SBA reports data breach in disaster loan application website

SBA reports data breach in disaster loan application website
In this April 15, 2020 file photo, two people walk past a closed sign at a retail store in Chicago. The Small Business Administration reports it had a potential data breach last month in its website that handles disaster loan applications. The agency says the personal information of nearly 8,000 business owners applying for economic injury disaster loans was potentially seen by other applicants on the SBA website on March 25. (AP Photo/Nam Y. Huh)

The Small Business Administration reported a potential data breach last month in its website that handles disaster loan applications.

The agency said Tuesday the of nearly 8,000 owners applying for economic injury disaster loans was potentially seen by other applicants on the SBA on March 25. The SBA said only the disaster loan program was affected, not the Paycheck Protection Program, which did not begin until April 3 and which is handled by a separate system.

Carol Wilkerson, an SBA spokeswoman, said in a statement the agency has notified the 7,913 owners whose information may have been exposed and offered them a year of free credit monitoring. The agency immediately disabled the affected part of its system, Wilkerson said.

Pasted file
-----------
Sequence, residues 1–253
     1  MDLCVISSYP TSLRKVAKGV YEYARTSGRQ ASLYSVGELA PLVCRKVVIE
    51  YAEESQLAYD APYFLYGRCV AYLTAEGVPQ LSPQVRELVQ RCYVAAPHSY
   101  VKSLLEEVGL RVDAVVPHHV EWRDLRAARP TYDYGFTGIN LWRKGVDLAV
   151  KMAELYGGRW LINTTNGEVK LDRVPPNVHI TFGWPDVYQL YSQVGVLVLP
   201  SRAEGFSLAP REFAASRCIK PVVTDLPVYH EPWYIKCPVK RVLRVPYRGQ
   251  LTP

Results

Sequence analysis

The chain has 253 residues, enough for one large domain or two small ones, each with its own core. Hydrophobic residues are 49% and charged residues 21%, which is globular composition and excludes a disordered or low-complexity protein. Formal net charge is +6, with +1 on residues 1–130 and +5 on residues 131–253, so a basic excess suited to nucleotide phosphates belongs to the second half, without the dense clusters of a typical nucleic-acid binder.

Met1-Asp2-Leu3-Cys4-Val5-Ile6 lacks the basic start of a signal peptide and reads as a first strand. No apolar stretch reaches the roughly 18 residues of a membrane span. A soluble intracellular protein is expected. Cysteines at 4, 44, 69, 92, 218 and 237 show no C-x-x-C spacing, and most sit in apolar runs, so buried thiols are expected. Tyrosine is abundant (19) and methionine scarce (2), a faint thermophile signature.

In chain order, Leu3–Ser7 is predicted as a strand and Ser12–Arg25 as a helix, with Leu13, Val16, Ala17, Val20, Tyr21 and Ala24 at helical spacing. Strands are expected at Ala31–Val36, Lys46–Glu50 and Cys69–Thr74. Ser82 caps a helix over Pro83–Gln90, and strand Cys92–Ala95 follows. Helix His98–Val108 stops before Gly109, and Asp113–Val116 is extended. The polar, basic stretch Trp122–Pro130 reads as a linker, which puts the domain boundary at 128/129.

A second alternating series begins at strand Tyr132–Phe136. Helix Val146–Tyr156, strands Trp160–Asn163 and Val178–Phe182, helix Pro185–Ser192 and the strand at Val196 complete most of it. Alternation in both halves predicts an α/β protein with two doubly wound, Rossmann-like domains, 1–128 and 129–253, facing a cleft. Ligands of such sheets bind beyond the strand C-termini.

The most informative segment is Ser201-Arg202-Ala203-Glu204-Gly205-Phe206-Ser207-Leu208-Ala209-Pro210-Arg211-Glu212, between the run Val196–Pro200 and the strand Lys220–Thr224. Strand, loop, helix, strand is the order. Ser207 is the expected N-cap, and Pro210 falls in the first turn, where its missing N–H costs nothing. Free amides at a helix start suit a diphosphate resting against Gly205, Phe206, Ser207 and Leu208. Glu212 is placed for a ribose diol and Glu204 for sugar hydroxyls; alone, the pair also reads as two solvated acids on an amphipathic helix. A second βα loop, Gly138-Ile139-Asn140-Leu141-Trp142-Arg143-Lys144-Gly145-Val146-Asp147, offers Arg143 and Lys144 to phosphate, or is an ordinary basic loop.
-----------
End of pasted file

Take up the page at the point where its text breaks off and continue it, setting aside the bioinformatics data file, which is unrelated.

Business owners have previously had issues with the disaster loan website. The site was taken down for maintenance for several hours on March 16, and owners could not apply during that time. On March 29, the SBA relaunched its application for the disaster loans and owners had to reapply. Many learned days or weeks later that they needed to reapply.

The SBA also said it had processed more than 755,000 disaster loan advances, $10,000 each and totaling nearly $3.3 billion as of Monday. The advances are essentially grants. The agency also said it processed nearly 27,000 disaster loans totaling nearly $5.6 billion.

Business owners apply for disaster loans directly to the SBA website, www.sba.gov, unlike the paycheck protection loans that are sought through banks and then approved by the SBA.

Congress and President Donald Trump reached a tentative agreement Tuesday to add $300 billion to the Paycheck Protection Program, which ran through its initial $349 billion appropriation last week after the SBA approved more than a million loans. Thousands of have applications waiting to be sent to the SBA for approval, or are waiting to apply.


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